Repairs could take weeks, months on St. Paul street where explosion occurred

November 29, 2018 10:50 PM

Nearly a week after a suspected gas explosion shook a St. Paul neighborhood, more than a dozen people still can't return to their homes. The blast destroyed a home, damaged 19 others and spewed debris more than 100 feet away.

“It was a very traumatic experience,” said Dean Stuke, who rents out a home on Beaumont Street. “Twenty three windows exploded at one time, a lot of glass and a lot of fright for (the renter’s) young kids.”

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The home is directly across the street from where the explosion happened.

He told 5 EYEWITNESS NEWS he had Lindstrom Restoration board up the windows immediately to keep the family warm. The work, however, is just beginning.

A Lindstrom Restoration crew, an engineer and a Farmers Insurance agent assessed the damage on Thursday morning. In addition to missing windows, there are cracks in the walls and ceiling.

“There are still things that are going to be hidden until you open walls up,” said Greg Palm, a carpenter with Lindstrom Restoration.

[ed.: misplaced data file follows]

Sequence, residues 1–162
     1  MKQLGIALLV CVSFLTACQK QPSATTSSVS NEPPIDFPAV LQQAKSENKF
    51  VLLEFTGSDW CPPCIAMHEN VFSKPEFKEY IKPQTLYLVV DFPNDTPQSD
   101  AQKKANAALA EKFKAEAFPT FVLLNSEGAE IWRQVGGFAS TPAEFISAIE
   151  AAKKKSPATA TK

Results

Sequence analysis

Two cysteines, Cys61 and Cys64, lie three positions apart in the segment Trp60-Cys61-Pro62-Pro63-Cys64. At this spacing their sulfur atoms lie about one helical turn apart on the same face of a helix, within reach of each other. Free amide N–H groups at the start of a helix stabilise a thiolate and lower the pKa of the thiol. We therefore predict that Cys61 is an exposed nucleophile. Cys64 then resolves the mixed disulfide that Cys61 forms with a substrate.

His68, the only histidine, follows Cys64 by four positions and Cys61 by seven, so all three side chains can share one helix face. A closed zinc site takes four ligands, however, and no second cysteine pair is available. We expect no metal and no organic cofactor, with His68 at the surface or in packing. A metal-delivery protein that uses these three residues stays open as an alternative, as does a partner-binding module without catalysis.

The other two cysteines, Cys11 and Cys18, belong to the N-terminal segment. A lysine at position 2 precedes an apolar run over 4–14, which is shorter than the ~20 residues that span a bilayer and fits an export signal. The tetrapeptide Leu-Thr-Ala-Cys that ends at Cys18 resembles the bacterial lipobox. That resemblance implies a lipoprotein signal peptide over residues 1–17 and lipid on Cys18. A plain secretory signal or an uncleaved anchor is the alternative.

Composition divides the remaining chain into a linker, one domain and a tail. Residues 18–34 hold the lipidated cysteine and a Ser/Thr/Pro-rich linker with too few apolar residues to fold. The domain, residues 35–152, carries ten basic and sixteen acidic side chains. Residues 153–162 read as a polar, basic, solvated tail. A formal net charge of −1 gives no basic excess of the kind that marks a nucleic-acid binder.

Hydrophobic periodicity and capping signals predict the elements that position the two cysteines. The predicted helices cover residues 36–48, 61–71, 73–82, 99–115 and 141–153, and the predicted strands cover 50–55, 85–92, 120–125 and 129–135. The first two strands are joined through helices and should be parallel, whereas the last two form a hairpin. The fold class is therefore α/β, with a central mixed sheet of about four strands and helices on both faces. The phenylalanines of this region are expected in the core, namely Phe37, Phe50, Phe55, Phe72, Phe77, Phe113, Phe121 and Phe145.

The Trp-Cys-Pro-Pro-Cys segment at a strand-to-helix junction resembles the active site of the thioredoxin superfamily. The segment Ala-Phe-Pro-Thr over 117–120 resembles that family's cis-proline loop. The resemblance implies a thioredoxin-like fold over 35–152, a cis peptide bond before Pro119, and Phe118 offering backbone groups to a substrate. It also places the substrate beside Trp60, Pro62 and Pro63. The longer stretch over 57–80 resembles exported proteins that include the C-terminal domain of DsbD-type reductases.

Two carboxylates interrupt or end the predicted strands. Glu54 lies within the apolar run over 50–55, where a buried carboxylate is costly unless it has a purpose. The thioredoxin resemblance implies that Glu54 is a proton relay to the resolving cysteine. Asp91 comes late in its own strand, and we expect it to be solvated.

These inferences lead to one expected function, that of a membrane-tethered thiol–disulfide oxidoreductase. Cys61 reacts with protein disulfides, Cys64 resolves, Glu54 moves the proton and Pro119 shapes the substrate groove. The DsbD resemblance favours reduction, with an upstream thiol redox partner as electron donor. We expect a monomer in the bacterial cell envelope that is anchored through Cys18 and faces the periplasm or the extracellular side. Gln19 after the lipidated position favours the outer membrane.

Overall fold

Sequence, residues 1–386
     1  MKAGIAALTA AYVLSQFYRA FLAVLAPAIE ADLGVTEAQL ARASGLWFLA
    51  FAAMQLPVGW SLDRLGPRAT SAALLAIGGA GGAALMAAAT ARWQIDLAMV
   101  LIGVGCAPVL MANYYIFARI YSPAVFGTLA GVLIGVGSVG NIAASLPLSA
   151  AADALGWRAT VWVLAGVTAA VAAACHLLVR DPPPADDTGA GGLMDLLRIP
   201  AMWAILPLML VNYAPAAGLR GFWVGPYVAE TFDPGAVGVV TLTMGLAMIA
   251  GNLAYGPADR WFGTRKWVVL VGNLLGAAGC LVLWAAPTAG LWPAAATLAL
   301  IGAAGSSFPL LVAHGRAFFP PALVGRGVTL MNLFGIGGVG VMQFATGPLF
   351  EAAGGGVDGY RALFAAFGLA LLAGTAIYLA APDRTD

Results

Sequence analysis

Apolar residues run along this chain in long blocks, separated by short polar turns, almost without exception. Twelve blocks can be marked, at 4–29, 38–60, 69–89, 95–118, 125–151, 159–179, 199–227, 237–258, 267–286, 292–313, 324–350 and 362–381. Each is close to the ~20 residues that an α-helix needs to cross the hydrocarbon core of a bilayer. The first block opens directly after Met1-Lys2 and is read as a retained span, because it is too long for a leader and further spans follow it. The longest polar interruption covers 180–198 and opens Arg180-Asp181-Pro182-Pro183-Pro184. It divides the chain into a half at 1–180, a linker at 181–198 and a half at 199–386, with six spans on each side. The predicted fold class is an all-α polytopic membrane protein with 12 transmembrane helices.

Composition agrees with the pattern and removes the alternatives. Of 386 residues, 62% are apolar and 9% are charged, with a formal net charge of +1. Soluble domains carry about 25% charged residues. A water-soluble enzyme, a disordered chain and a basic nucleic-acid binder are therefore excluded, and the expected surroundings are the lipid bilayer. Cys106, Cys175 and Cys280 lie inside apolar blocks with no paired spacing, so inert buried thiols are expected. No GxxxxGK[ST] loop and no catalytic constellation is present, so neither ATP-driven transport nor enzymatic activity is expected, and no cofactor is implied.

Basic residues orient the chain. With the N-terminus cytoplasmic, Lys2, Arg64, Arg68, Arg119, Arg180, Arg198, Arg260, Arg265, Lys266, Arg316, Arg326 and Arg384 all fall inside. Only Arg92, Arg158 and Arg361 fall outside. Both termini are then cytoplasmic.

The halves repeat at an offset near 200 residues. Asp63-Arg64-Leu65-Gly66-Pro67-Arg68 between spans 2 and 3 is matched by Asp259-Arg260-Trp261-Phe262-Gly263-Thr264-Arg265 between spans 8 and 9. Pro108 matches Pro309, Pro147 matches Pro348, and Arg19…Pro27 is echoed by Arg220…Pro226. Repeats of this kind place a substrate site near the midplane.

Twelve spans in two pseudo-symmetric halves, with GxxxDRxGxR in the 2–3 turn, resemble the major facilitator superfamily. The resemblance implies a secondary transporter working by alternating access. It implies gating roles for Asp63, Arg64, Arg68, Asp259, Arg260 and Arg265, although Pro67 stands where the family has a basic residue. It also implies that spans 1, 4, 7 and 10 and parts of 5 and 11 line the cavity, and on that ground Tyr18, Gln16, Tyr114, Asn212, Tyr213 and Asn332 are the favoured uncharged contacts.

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According to the company’s president, Mike Lindstrom, it could be weeks before the new windows are installed. He said each could cost about $1,000, totaling more than $23,000.

The engineers and insurance agent’s reports have to be finished before the windows can be ordered.

“Now it's a waiting game,” Stuke said. “As soon as we get that we can put the home back together.”

Farmers Insurance told us it is "in the process of working with our customers to evaluate damages, the cause of loss and available insurance coverage."
 
The Red Cross told 5 EYEWITNESS NEWS it’s helping 16 adults and five children.

Repairs could take weeks or even months as property owners work out insurance, get utilities turned back on and the city signs off on work permits.

Six properties, a mix of homes, a church, apartments and businesses have been condemned and utilities turned off as a precaution.

St. Paul Fire Safety Manager Angie Wiese told us those properties had more extensive damage, including ceilings caving in and more extensive cracks. She said the condemned properties need to be fixed within 90 days, or the owners will have to start paying vacant building fees.

As of Thursday morning, Wiese told us only one of those six property owners had pulled work permits.

According to Wiese, 14 other property owners were told on Monday they need to make less significant repairs. She said those who have to replace windows have until just after New Years to do so.

John Lundahl, the man who survived the explosion, remains in critical condition at Regions Hospital.

 

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Credits

Callan Gray

Copyright 2018 - KSTP-TV, LLC A Hubbard Broadcasting Company

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